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Creed – Joint Review


Release Date: 5 November 2015 [USA]
Director: Ryan Coogler
Writer: Ryan Coogler - Aaron Covington [Screenplay] - Sylvester Stallone [Characters]
Cast: Michael B. Jordan - Sylvester Stallone - Tessa Thompson

Posted December 28, 2015 by

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Creed – Joint Review

Larry’s Perspective:

Star Wars is not the only six-part franchise to get a reboot from an outsider. Step forward Fruitvale Station director Ryan Coogler who re-teamed with star Michael B. Jordan for Creed, a spin-off from Sylvester Stallone’s Rocky boxing sextet.

Back in the mid 1970s, Stallone, a budding screenwriter as well as jobbing actor, wrote the screenplay for the original true underdog story. Rocky told the story of a young man who could have been just muscle for the mob but was moulded into fighting form by aged trainer Mickey (Burgess Meredith, best known as the Penguin from the Batman TV series). Rocky took on legendary heavyweight Apollo Creed (Carl Weathers, subsequently known from movies such as Action Jackson and Predator) in the ring and – spoiler alert – lost. But he won the affection of the crowds as well as quiet girl, Adrian (Talia Shire, best known from The Godfather and being Jason Schwartzman’s mom). A rematch took place in the sequel, Rocky II (1979). By the time we get to Rocky III (1982), Creed is in Rocky’s corner as he took on loudmouth Clubber Lang (Mr T). Then in Rocky IV (1985), otherwise known as the campy one sampled in Family Guy, Creed was killed in the ring by the Russian fighter Drago (Dolph Lundgren) and Rocky made his contribution to Perestroika as he travelled to Russia.

Big things happen in Rocky movies. Characters die as Rocky is pushed into a corner where the only logical response is to fight. The final boxing match is the resolution to every internal conflict and represents a validation of the protagonist – except, alas, in the last two Rocky movies (1990 and 2006).

For a while Stallone was the biggest action star in Hollywood – the continued success of his Rocky movies and Rambo: First Blood Part II (not the original) – cemented his bankability. But although he could – and did – re-write scripts, Stallone did not make the best choices. He became the least likely director to make Staying Alive (1983), the sequel to Saturday Night Fever – though John Travolta has never appeared so ripped. He teamed up with Dolly Parton in the ill-fated country and western comedy, Rhinestone (1984). He made movies that don’t even turn up on late night TV at three in the morning, like Over the Top (1987) in which he played an arm wrestling trucker. All the while, he wanted – improbably – to make a film about Edgar Allan Poe, the only resemblance to whom was his baggy eyes.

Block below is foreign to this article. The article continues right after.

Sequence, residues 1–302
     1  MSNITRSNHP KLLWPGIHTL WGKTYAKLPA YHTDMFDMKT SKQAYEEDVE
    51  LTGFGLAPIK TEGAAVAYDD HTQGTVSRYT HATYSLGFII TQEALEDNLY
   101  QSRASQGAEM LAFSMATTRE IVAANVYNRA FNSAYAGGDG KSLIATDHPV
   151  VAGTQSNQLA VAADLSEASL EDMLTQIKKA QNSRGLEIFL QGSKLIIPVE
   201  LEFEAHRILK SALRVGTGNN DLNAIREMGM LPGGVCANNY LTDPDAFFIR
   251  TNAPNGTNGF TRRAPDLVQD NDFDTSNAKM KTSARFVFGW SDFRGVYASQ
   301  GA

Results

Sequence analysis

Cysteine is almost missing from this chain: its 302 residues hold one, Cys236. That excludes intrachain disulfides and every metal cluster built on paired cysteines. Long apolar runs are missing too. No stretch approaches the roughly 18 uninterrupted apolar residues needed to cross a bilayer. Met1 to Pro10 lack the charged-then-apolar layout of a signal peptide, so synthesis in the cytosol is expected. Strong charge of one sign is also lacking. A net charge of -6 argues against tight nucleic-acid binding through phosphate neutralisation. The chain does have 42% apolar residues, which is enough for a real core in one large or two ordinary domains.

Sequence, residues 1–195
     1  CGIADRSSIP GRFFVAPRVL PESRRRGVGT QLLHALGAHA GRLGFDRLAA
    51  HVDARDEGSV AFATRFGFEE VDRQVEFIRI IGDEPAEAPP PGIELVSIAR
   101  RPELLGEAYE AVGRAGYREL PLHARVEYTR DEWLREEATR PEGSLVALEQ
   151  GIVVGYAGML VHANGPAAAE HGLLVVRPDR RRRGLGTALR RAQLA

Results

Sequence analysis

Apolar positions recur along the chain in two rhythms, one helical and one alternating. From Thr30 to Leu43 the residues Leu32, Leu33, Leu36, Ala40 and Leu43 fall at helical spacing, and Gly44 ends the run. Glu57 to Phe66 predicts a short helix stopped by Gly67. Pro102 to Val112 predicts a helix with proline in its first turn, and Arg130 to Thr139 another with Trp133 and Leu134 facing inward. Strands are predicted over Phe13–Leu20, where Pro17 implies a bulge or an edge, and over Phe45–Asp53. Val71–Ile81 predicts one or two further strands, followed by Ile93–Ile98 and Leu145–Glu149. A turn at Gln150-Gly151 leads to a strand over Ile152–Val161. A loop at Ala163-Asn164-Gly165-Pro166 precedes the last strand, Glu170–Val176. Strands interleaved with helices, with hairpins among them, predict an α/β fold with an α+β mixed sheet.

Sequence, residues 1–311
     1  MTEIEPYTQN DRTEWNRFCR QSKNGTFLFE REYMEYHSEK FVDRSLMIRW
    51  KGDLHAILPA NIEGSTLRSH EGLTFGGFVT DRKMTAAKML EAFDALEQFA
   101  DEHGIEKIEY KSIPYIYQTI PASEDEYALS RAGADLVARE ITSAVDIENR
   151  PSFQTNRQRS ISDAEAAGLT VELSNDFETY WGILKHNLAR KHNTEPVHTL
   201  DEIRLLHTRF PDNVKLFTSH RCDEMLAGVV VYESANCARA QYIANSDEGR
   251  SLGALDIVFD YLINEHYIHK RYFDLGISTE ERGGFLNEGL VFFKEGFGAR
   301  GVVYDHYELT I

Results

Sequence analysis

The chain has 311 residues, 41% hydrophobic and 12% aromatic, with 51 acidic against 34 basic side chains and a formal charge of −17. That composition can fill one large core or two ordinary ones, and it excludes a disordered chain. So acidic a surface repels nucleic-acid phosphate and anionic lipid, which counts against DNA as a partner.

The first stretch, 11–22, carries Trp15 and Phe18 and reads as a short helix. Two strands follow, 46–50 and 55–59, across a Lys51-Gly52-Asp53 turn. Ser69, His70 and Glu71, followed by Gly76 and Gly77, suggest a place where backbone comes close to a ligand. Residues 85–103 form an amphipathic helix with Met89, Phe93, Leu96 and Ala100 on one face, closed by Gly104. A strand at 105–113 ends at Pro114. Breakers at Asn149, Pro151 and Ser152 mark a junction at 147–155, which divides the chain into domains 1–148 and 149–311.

Back to Coogler’s Creed: you have to suspend a certain amount of disbelief. I’m talking time lines. Apollo Creed died in the ring in 1985. So that makes his illegitimate son, Adonis Johnson (Michael B. Jordan) 29, when he first gets a professional fight – if you discount the bouts in Mexico, one of which we see in an early scene. Jordan, born in 1987, is around the right age for his character but most successful boxers who enter the professional arena in their early 20s. Even if we buy into the film’s opening, that Adonis, first seen in a juvenile home, fought all his young life without knowing who his father was, it is a stretch. Still, films are all about the fantasy.

Adonis has a Fresh Prince of Bel Air rescue into wealth, in which Creed’s widow, Mary Anne (Phylicia Rashad) adopts him as the son her husband had with another woman. Adonis is raised in a mansion and gets a desk job, but fights south of the border on the side. Given a promotion, he decides to quit and cast aside privilege to seek out Rocky Balboa’s old gym.

Now, as a cinemagoer, that’s where I want him to go. But surely, he would look for Creed’s old trainer. After all, that gym produced a heavyweight champion, though Adonis fights in a different division. He’s a middleweight (170-185 lbs). Personally, I like the straw-weight (up to 115 lbs) – intellectuals hitting each other with paperback copies of Kirkegaard. After Mickey’s Gym refuses to offer personal attention, Adonis, ‘Donnie’, seeks out Rocky (Stallone) himself.

When Han Solo turns up in The Force Awakens, it’s a surprise. When Rocky turns up in Creed, the wow factor is missing. Still, Stallone gives his most relaxed and convincing performance in years as a man who hasn’t remarried or kept his wealth nor has let himself get fat like Jake La Motta or used his celebrity to endorse kitchen appliances. (I’m still waiting for the ‘Rocky Balboa soft fruit squisher’ – makes the best of rotten tomatoes.) He runs a restaurant – not that we see people eating there – and has connections all over the city of Philadelphia. One wonders why he didn’t start up a youth centre or become a politician.

Still, after giving Donnie a fitness regime, Rocky starts training him in earnest. It is only a matter of time before Donnie gets his first ‘official’ fight against Danny ‘Stuntman’ Wheeler (Andre Ward) one of the most unbeaten prospects at Mickey’s Gym.

The mid-movie bout is easily the most thrilling sequence in the movie, which Coogler films in its entirety in a single take – and, ladies and gentlemen, there is more than one round. Least thrilling is the sub-plot in which Donnie romances his downstairs neighbour, Bianca (Tessa Thompson) a singer-DJ-music promoter, who has failing hearing.